Risk of Intraoperative Floppy Iris Syndrome

A condition termed intraoperative floppy iris syndrome (IFIS) has been observed during phacoemulsification cataract surgery in some patients receiving α1-adrenergic blocking agents, including tamsulosin. IFIS is a variant of small pupil syndrome and is characterized by the combination of a flaccid iris that billows in response to intraoperative irrigation currents, progressive intraoperative miosis despite preoperative dilation with mydriatics, and potential prolapse of the iris toward the phacoemulsification incisions. Most reported cases of IFIS were in patients who continued α1-blocker therapy at the time of cataract surgery. A few cases also were reported in patients who had discontinued such therapy prior to surgery, generally 2-14 days prior to surgery but occasionally 5 weeks to 9 months prior to surgery. The manufacturer of tamsulosin recommends that male patients being considered for cataract surgery be specifically questioned to ascertain whether they have received tamsulosin or other α1-blockers. If a patient has received such agents, the ophthalmologist should be prepared to modify the surgical technique (e.g., through use of iris hooks, iris dilator rings, or viscoelastic substances) to minimize complications of IFIS. The benefit of discontinuing α1-blockers, including tamsulosin, prior to cataract surgery has not been established.

Dosage

The manufacturer states that safety and efficacy of tamsulosin in children younger than 18 years of age have not been established, and clinical experience in these patients is not available.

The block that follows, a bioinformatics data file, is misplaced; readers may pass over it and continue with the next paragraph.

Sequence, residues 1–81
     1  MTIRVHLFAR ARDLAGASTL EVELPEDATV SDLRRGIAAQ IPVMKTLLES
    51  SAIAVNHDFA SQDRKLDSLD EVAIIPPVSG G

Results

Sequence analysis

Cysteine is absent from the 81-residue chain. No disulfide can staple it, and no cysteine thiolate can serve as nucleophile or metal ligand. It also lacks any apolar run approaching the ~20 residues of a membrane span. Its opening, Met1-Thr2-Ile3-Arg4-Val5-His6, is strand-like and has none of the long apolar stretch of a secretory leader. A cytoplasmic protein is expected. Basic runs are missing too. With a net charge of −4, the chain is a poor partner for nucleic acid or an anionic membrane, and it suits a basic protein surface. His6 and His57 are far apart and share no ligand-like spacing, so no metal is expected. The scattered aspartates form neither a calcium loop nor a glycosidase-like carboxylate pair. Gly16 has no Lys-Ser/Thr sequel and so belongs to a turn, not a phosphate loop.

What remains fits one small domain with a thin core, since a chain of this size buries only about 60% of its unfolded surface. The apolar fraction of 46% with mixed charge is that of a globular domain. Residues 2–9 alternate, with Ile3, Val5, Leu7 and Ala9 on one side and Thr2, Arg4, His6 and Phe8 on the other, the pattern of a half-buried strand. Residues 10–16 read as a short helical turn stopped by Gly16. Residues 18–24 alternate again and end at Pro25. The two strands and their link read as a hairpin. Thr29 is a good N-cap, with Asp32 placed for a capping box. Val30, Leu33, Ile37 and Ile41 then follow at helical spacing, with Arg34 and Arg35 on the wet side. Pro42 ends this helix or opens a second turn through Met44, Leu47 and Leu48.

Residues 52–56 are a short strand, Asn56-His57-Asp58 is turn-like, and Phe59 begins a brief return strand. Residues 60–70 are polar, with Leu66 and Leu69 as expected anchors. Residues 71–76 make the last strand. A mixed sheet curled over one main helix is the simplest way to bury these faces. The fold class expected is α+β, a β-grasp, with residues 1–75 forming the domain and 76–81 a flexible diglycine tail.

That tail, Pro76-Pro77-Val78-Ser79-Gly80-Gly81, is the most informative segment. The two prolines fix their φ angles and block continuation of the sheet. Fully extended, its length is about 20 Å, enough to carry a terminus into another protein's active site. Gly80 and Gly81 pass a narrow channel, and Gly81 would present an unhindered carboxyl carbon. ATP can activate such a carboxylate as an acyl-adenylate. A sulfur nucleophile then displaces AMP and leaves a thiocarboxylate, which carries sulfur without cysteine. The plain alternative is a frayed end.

Benign Prostatic Hyperplasia

For the management of benign prostatic hyperplasia (BPH), the usual initial adult dosage of tamsulosin is 0.4 mg once daily. About 2-4 weeks may be needed to adequately assess the response at this dosage. To achieve the desired improvement in symptoms and/or urinary flow rates, subsequent dosage may be increased to 0.8 mg daily as needed. If tamsulosin is discontinued for several days at either dosage (i.e., 0.4 or 0.8 mg daily), therapy with the drug should be reinstituted at the lower daily dosage. Although the elimination half-life may be slightly prolonged and intrinsic clearance of tamsulosin may be decreased in patients 55 years of age and older, the manufacturer makes no specific recommendations for dosage adjustment in such patients.

The manufacturer states that tamsulosin should not be used concomitantly with other α-adrenergic blocking agents.

Dosage in Renal and Hepatic Impairment

Although protein binding of tamsulosin may be altered in patients with mild to moderate (i.e., creatinine clearance of 30-70 mL/minute per 1.73 m) or severe (i.e., creatinine clearance of 10 to less than 30 mL/minute per 1.73 m) renal impairment and in patients with moderate hepatic impairment resulting in changes of overall plasma concentrations of the drug, alterations in intrinsic clearance and concentrations of unbound tamsulosin do not appear to be substantial. Therefore, the manufacturer states that dosage adjustment in such patients is not necessary. However, tamsulosin has not been studied in patients with end-stage (i.e., creatinine clearance of less than 10 mL/minute per 1.73 m) renal disease.

Cautions

Contraindications

Known hypersensitivity to tamsulosin or any ingredient in the formulation.

Warnings/Precautions

Warnings

Postural Hypotension

Potential for postural hypotension, dizziness, or vertigo; syncope may occur.

Priapism

Priapism reported rarely; treat promptly.

Sensitivity Reactions

Allergic Reactions

Rash, pruritus, urticaria, and angioedema of the tongue, lips, and face reported; positive rechallenge in some patients.

Sulfa Sensitivity

Allergic reaction to tamsulosin reported rarely in patients with sulfa sensitivity. Use with caution in patients with serious or life-threatening sulfa sensitivity.

General Precautions

Prostate Cancer

Exclude possibility of prostate cancer prior to initiation of therapy.

Intraoperative Floppy Iris Syndrome